Whole Story

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Got some Eco-Tips to Share?

By Paige Brady, April 3, 2009  |  Meet the Blogger  |  More Posts by Paige Brady
Earth Month

Happy Earth Month! To celebrate we've brought together 30 days worth of fun, tips and eco-minded partners to help you get involved and learn how every "little green thing" counts. You can pick up a really cool 30 Ways in 30 Days calendar-type poster in our stores or get a pdf version.

We know a lot of our customers are already out there making a huge difference. So tell us what you do to take care of the Earth. Are you doing anything special this month? Share your tips here so we can all spread those green ideas around.

Category: Green Action

 

19 Comments

Comments

jerri says ...
my hubby made me an adorable easter basket this year full of wonderful goodies (http://www.cooking4carnivores.com/2009/04/what-did-easter-bunny-bring-you.html) but the best thing was that he used our recycled shredded credit card statements to fill the bottom of the basket. it was such a great idea i had to share!
04/12/2009 2:35:18 PM CDT
Kevin Kraft says ...
I think you have a pretty good company. Although I think if you claim to be so eco-friendly and green, why do I drive by your 146th St location in Indianapolis late at night and see every light in the store wasting energy? I know you need lights on to clean, but I'm talking at 12:00 am on a Friday night, after 11:00 pm on a weeknight. When do they turn off? How much energy are you wasting? Questions I, along with yourself, might want to know the answer to. Just trying to help.
04/03/2009 11:43:49 PM CDT
Brynne says ...
I am happy that after living in Los Angeles for 16 months, I finally found a place where I can return "CRV" bottles and cans for refund! I gave up driving, so I can only travel to places accessible by foot, bus, or subway. I buy about 3 Plastic 64 ounce bottles of organic juice every month. By california law, I must pay a 10 cent deposit on each one. But most stores will not accept the bottles for return. (Even whole Foods will only take back glass bottles, and the juice I buy in your store does not come in glass.) By sheer luck, I happened to walk through the back carpark of of a shopping centre and saw a metal shed with two small machines in one wall. They resembled ATMs, but they were official CRV return places! Now I hope to make $20 each month raiding the recycle bins in the basement of my apartment building. I never purchase soda or bottled water, but plenty of my neighbours do!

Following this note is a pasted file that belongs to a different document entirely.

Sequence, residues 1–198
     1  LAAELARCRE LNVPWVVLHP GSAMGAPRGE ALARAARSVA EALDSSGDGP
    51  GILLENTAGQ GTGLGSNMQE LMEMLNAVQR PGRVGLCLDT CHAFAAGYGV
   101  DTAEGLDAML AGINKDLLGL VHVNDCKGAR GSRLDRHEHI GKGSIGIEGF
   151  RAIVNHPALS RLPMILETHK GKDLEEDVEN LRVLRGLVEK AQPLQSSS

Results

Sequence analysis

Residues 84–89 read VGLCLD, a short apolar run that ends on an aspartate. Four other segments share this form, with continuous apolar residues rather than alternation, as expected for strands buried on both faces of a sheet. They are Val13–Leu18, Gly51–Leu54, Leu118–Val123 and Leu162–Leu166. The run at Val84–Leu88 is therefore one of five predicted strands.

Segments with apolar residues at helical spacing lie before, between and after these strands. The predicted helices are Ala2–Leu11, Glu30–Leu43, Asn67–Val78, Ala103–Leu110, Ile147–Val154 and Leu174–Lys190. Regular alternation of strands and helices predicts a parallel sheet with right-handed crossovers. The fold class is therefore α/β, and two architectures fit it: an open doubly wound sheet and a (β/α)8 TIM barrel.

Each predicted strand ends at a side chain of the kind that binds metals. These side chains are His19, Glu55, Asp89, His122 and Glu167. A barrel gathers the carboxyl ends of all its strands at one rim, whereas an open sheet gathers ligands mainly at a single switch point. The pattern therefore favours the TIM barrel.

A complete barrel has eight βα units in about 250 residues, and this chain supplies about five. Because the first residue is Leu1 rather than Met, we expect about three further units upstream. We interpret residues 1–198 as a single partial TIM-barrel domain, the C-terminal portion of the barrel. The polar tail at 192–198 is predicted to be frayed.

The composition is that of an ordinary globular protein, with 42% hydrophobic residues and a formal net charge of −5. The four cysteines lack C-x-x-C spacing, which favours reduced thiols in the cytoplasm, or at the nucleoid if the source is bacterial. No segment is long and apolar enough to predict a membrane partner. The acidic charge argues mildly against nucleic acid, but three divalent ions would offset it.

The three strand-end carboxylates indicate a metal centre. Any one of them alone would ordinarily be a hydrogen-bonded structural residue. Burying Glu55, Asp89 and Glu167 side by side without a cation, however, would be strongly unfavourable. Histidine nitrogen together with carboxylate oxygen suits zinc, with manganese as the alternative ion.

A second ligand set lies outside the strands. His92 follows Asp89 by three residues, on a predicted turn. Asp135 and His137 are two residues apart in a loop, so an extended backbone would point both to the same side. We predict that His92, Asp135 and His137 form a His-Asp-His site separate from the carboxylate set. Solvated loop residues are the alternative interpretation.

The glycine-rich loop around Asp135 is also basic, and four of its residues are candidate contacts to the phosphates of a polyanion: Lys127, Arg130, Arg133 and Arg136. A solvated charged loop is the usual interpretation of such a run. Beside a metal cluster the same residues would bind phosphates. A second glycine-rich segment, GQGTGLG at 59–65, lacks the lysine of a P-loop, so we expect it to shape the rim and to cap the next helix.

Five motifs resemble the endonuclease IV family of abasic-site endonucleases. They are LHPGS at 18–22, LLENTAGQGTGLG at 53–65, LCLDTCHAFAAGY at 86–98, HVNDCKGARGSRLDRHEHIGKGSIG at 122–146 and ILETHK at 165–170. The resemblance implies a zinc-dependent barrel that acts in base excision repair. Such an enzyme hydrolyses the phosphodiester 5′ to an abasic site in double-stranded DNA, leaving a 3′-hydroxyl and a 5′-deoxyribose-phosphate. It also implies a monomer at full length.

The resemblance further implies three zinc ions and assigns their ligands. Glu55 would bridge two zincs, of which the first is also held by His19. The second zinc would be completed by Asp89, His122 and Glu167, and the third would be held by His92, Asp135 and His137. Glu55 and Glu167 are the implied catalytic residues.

04/04/2009 4:48:58 AM CDT
Ashley says ...
I tried composting once, but it just didn't seem to work for me. I live in a small townhouse without much of a yard, so I had hardly any grass or garden trimmings to add; it became very bug-infested and gross, and my mother pretty much forbade me from trying it again. So I had to go for a while just throwing things away, which I hated, but I didn't know what else to do. But I was very fortunate to strike up a friendship with an local organic farmer a few months ago, and after a while I thought to ask her if she'd take compost from me, and she said she absolutely would. So now I see her about once a week at the farmer's market, and I bring a few gallon bags of food waste and whatever else seems compostable, like cotton balls, dryer lint, hair and teabags. She feeds some of it to her chickens and the rest goes into her compost pile. Obviously this isn't something that everyone can do, but if you live in a small house or apartment and can't start your own pile, maybe you could try asking around at some markets to see if there's anyone willing to take it for you. (And they might be, because it can save them some money on chicken feed.) If my neighborhood association approves, I'm hoping to get some chickens myself!